Explore the genetics behind your dog’s appearance, size, and genetic diversity.
Base Coat Color

Base Coat Color

Dark or Light Fur
E (Extension) Locus
EE or Ee or ee
Brown or Black Pigment
B (Brown) Locus
Black or gray fur and skin
Color Dilution
D (Dilute) Locus
Dark (non-dilute) fur and skin
Coat Color Modifiers

Coat Color Modifiers

Hidden Patterning
K (Dominant Black) Locus
More likely to have a mostly solid black or brown fur coat
Body Pattern
A (Agouti) Locus
No impact on coat pattern
Facial Fur Pattern
E (Extension) Locus
EE or Ee or ee
Other Coat Traits

Other Coat Traits

Coat Length
Likely short or mid-length coat
Shedding
Likely light to moderate shedding
Coat Texture
Likely straight coat
Hairlessness (Xolo type) LINKAGE
Very unlikely to be hairless
Oculocutaneous Albinism Type 2 LINKAGE
Likely not albino
Other Body Features

Other Body Features

Muzzle Length
Likely medium or long muzzle
Hind Dew Claws
Unlikely to have hind dew claws
Eye Color LINKAGE
Less likely to have blue eyes
Body Size

Body Size

Body Size 1
Intermediate
Body Size 2
Larger
Body Size 3
Larger
Body Size 4
Larger
Body Size 5
Larger
Performance

Performance

Altitude Adaptation
Normal altitude tolerance

Through Thistle’s mitochondrial DNA we can trace her mother’s ancestry back to where dogs and people first became friends. This map helps you visualize the routes that her ancestors took to your home. Their story is described below the map.

Haplogroup

A1a

Haplotype

A17

Map

A1a

Thistle’s Haplogroup

A1a is the most common maternal lineage among Western dogs. This lineage traveled from the site of dog domestication in Central Asia to Europe along with an early dog expansion perhaps 10,000 years ago. It hung around in European village dogs for many millennia. Then, about 300 years ago, some of the prized females in the line were chosen as the founding dogs for several dog breeds. That set in motion a huge expansion of this lineage. It's now the maternal lineage of the overwhelming majority of Mastiffs, Labrador Retrievers and Gordon Setters. About half of Boxers and less than half of Shar-Pei dogs descend from the A1a line. It is also common across the world among village dogs, a legacy of European colonialism.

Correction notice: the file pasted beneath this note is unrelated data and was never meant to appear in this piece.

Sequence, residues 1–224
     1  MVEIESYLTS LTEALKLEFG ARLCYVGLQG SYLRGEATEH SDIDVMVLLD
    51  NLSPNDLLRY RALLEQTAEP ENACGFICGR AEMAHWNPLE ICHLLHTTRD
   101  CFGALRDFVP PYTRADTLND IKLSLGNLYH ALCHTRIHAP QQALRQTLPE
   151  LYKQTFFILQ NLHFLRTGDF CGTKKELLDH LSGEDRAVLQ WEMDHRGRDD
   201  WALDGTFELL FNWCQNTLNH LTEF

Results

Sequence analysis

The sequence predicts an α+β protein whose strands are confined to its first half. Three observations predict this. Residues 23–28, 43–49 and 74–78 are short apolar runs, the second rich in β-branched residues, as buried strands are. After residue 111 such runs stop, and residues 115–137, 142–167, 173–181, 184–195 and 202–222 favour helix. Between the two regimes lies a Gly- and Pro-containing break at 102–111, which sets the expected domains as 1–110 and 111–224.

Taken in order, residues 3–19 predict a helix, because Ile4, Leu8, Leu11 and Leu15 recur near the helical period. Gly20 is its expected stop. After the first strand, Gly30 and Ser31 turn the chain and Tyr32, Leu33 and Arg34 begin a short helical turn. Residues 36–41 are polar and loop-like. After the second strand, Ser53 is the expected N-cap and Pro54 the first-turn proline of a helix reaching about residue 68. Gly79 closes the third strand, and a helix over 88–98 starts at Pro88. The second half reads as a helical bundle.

A17

Thistle’s Haplotype

Part of the large A1a haplogroup, this common haplotype is found in village dogs across the globe. Among breed dogs, we find it most frequently in Labrador Retrievers, Boxers, and Mastiffs.

Some other Embark dogs with this haplotype:

Shar Pei dogs think A1a is the coolest!

This 'Paternal Haplotype' tab is for deep ancestral lineage going back thousands of years.

For recent ancestry—"What breeds did my dog inherit from her mom and dad?"—please refer to the Breed, Family Tree, or Summary tab.

The Paternal Haplotype refers to a dog’s deep ancestral lineage stretching back thousands of years, before there were any distinct breeds of dog. We determine the Paternal Haplotype by looking at a dog’s Y-chromosome—but not all dogs have Y-chromosomes!

Why can’t we show Paternal Haplotype results for female dogs?

All dogs have two sex chromosomes. Female dogs have two X-chromosomes (XX) and male dogs have one X-chromosome and one Y-chromosome (XY). When having offspring, female (XX) dogs always pass an X-chromosome to their puppy. Male (XY) dogs can pass either an X or a Y-chromosome—if the puppy receives an X-chromosome from its father then it will be a female (XX) puppy and if it receives a Y-chromosome then it will be a male (XY) puppy. As you can see, Y-chromosomes are passed down from a male dog only to its male offspring.

Since Thistle is a female (XX) dog, she has no Y-chromosome for us to analyze and determine a paternal haplotype.